There are a lot of things around the home which can be automated. For instance, at certain times during the day lights get turned on, sprinkler systems run, and so forth. Some of these operate based on time, while other operate based on need, such as pool auto-levelers, and sump pumps. However, some of these things are more important than others. If a light burns out it is less important than if a water value fails to come on or shut off. In an arid climate, a value failing to come on could kill a tree, while a valve failing to shut off could result in flooding an property damage. A pump failing to shut off could cause a fire.

Yet when I look at these systems, I don't see anything obvious that stands out as an alert mechanism when things fail. If I'm away from my property for a while, I expect the automation to work properly the whole time I'm gone, and I can't babysit things which should work. Yet when something does go wrong, I would like to know so the problem can be fixed ASAP.

How do people generally handle exceptional conditions like this? Am I just having bad luck? Am I the only person who has had things fail which don't call attention to themselves until something bad happens as a result? Or is there some best practice (aside from continual babysitting I hope!) to catch and detect these various sorts of problems as soon as they occur? If a home alarm system can send an alert to my phone when a door is ajar, why not when a device malfunctions?

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    Flow meters and the like are additional systems. They'd cost the manufacturer more to include, and then everyone would buy the cheaper, sensorless brand. If you want surety, you're going to have to pony up, and hook up whatever sensors you need to get the information you want. Apr 25, 2015 at 11:45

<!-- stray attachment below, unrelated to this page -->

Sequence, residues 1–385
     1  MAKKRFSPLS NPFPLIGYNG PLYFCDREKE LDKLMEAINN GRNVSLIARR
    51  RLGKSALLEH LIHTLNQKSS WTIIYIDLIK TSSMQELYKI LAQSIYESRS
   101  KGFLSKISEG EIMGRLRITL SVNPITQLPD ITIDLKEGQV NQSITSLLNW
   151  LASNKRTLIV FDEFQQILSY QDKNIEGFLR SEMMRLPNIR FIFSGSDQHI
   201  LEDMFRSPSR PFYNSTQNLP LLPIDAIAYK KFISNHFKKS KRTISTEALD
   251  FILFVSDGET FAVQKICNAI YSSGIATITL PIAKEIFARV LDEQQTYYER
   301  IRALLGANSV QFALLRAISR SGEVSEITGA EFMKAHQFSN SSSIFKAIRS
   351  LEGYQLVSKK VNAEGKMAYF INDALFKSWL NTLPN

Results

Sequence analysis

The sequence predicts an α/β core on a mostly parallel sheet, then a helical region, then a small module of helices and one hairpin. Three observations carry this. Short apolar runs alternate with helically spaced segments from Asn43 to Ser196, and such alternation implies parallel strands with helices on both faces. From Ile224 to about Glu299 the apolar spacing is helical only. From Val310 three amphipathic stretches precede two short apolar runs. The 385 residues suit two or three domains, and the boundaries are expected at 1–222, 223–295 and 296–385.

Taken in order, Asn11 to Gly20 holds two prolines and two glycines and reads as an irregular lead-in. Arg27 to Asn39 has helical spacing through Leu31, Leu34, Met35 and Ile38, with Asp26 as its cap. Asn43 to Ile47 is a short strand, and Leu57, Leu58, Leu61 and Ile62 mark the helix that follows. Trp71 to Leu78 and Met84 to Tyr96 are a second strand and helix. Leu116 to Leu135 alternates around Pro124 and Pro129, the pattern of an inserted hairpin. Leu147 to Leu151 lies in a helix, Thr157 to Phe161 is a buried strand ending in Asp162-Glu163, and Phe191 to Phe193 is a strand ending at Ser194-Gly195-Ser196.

1 Answer 1


OK, so you do have a security system with cellular notifications... You are probably aware you can add freeze sensors and flood sensors to communicate alerts through that system. That is at least some peace of mind if you're out of town and a pipe breaks or the furnace fails. But I have yet to hear of outdoor sprinkler system alerts. You might check with the sprinkler system company to ask if anything like that is being developed (if you haven't already asked them). Another thing to consider is surveillance cameras. Being able to take a peek using your smart phone now and then is some peace of mind until sprinkler systems can report malfunctions.

  • Unfortunately with regard to the sprinklers, it's a drip system, so it's hard sometimes to tell if it's on just by looking at it. Maybe a moisture sensor or something might work though...
    – Michael
    Feb 24, 2015 at 19:49
  • You could use a ground moisture sensor to decide when to turn the drip on and off, and also monitor it for "on for a long time but no improvement"... but you're probably going to have to homebrew that.
    – keshlam
    Apr 25, 2015 at 14:30

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